Identifying Characteristics:

  • Adults can range between 45-116 cm (18-46 in) in length. They have stout bodies and short, slender tails.
  • There are scaly horn-like protrusions above their eyes, but not as prominent as their horned cousins. Hence, the common name “False Horned Viper”.
  • They have broad, flat heads distinct from their necks and short, rounded snouts.

Sandy, limestone deserts, and rocky hills are home to Persian Horned Vipers in Pakistan. They’re shy creatures who prefer to stay far away from human habitations. You’ll find them hiding underneath boulders, inside rodent burrows, and amidst tall grasses.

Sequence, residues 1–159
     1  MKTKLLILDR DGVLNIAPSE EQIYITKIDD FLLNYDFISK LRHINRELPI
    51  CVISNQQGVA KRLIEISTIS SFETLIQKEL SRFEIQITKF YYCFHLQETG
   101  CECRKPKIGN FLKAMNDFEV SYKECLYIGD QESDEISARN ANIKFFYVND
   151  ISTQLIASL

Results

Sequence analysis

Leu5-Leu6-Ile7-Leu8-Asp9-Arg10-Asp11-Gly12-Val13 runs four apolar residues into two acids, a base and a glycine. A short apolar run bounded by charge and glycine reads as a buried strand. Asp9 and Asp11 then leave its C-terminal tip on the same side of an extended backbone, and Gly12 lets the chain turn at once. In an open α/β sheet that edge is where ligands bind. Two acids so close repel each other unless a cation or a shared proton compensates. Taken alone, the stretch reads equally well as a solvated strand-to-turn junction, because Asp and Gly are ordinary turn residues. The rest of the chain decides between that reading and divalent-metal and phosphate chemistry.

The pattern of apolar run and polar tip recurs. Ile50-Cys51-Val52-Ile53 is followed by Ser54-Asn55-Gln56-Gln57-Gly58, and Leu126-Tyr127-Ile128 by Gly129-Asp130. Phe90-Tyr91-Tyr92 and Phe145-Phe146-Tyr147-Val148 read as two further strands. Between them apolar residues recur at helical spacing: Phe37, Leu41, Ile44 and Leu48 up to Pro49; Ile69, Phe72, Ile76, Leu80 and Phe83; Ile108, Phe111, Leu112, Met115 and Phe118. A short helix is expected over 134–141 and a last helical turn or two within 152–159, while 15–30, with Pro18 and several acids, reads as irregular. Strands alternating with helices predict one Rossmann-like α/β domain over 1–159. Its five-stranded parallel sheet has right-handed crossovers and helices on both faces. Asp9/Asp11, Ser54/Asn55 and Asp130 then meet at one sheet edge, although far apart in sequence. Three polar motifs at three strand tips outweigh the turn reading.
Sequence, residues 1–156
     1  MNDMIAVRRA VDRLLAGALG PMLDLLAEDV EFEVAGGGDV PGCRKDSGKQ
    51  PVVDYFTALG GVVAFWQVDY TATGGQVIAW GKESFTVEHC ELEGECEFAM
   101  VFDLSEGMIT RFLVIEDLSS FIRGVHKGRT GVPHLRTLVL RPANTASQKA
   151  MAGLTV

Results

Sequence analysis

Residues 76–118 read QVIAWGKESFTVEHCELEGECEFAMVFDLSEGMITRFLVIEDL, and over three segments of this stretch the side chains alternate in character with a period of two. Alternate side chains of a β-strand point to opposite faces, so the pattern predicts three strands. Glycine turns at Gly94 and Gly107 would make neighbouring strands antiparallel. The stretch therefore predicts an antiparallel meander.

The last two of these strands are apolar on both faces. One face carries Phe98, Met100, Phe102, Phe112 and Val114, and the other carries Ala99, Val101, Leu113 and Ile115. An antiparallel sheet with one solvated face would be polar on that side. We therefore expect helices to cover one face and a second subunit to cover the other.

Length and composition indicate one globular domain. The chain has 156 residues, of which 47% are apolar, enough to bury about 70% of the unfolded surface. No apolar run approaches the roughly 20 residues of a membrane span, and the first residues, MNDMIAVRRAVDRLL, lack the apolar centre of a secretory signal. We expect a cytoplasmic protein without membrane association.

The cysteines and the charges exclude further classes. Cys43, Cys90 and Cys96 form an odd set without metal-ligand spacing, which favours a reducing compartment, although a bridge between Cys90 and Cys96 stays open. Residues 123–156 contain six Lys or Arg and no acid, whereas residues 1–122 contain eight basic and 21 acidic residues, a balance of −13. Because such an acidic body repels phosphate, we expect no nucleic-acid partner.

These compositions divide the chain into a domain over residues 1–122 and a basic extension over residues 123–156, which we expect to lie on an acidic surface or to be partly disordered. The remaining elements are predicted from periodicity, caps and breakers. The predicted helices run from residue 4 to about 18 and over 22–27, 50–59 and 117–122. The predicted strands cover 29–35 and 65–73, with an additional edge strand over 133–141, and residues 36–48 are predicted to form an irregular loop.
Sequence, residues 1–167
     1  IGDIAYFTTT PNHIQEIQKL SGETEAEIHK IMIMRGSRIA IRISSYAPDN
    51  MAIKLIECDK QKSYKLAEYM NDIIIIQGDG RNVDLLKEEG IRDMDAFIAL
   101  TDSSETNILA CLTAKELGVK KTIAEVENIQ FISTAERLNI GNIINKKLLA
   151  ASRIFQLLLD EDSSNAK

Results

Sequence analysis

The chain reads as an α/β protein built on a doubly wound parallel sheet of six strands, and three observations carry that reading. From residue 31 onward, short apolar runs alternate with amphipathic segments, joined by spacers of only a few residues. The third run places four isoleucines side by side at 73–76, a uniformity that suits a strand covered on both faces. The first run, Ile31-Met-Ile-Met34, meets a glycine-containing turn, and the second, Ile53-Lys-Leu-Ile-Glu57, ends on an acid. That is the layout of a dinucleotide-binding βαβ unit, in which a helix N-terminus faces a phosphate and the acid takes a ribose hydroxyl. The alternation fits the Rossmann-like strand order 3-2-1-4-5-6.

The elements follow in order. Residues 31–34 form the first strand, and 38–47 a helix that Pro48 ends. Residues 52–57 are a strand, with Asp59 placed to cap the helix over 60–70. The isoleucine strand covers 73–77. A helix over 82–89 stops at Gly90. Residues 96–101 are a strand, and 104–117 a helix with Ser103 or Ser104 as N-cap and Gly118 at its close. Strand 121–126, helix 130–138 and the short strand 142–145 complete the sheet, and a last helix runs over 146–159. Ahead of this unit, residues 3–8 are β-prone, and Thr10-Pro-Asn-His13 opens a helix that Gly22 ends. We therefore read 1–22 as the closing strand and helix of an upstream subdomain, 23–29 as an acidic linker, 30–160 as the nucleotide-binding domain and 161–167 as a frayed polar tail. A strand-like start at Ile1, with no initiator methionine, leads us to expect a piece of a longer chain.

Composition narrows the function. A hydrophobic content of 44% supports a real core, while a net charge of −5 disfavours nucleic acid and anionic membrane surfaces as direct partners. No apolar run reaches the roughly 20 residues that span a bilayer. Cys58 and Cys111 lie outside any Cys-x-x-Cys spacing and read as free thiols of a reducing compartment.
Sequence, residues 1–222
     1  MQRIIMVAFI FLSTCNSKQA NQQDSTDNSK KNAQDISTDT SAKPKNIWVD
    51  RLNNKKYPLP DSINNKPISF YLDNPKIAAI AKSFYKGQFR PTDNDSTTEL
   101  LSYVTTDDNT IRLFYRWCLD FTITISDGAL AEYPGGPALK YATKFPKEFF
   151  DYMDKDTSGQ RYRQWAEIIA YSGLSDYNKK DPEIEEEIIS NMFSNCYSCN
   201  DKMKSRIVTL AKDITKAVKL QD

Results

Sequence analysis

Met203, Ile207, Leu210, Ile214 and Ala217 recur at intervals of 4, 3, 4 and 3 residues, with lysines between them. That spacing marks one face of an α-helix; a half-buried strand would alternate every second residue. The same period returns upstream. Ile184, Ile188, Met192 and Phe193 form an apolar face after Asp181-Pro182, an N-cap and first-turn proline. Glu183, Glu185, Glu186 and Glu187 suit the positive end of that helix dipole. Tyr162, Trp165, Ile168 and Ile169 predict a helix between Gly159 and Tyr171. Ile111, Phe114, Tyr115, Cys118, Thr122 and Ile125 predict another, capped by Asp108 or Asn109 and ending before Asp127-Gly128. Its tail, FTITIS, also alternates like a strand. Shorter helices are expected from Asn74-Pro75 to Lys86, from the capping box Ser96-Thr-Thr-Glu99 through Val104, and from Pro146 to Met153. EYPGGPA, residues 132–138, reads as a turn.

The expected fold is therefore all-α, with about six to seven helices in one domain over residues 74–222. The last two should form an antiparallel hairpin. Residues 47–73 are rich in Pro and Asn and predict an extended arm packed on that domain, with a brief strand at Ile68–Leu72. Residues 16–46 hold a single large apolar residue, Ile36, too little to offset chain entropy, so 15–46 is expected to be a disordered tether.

Persian Horned Vipers have quite the appetite. Their favorite meals include lizards, mice, birds, small mammals, and arthropods. Plus, they’re not one to waste dead food if they come across one! These vipers are generally sluggish, but they can move sideways, straight forward, or in S-shaped curves to suit the terrain.

Although Persian Horned Vipers prefer to escape when confronted, they won’t hesitate to bite if they feel cornered. First, they will loudly hiss at you to announce a warning before coiling into a striking position. Their venom is still poorly studied, but it’s reported to cause intense pain, swelling, and internal bleeding. Thankfully, antivenom is available for this species.

Do you want to learn about other animals in Pakistan?

If so, check out these guides!

Which of these snakes have you seen before in Pakistan?